Among the challenges in science education are creating quality inquiry-based teaching methods as well as promoting students' argumentation skills. Both these topics might be seen as parts of what goes as "the nature of science". In this last post of three, I argue that statements about food and cooking might be an excellent starting point for learning argumentation as well as inquiry, as well as content knowledge, while dealing with real-life problems with meaningful purposes.
The two first posts:
In part 1, I suggest that there might be a good idea to collect statements about food and cooking (culinary precisions) in an open database, whereas part 2 argues for the use of argumentation patterns in the analysis of such statements. For explanation of the term "culinary precisions", see part 1.
Background; challenges in science education
There is abundant literature, as well as political signals, that point to the need for development of fresh approaches to science education, not the least because of an alarmingly low interest in science and mathematics. Furthermore, the last years have seen a need to shift towards a science education in which "the nature of science" is taught as well as content knowledge; students at all levels should gain experience with scientific inquiry, argumentation etc. There are of course numerous ways this challenge might be taken on.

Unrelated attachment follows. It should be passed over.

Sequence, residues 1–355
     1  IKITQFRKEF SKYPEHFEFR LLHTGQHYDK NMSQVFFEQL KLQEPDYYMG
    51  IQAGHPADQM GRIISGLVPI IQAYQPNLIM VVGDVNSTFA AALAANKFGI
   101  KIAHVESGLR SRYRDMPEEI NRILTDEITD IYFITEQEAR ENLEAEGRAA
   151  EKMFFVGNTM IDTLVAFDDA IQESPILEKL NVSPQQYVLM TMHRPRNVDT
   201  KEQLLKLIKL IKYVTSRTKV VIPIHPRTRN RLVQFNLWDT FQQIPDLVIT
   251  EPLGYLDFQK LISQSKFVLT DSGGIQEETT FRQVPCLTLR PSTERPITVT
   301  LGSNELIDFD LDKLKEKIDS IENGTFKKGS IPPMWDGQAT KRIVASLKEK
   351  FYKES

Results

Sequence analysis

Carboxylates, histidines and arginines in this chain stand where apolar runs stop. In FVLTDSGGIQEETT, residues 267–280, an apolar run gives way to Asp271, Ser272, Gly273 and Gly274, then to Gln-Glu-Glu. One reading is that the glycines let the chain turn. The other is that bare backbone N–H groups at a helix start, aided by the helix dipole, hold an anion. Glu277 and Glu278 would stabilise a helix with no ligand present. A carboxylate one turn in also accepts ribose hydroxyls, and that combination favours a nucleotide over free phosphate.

One problem when it comes to inquiry and argumentation is to find experiments, topics and investigations which are open-ended real-life problems. It's not very exciting to do "inquiry" if you know that the teacher has got the answer in his/her drawer. But what if the thing you were analysing, discussing and experimenting was a real problem? And even more, that others, such as a scientist or the general public, would be interested in the result you came up with? Such scenarios do exist (such as sustain.no, which in fact is a database), but I feel pretty confident that there is need for a range of such approaches, covering various topics.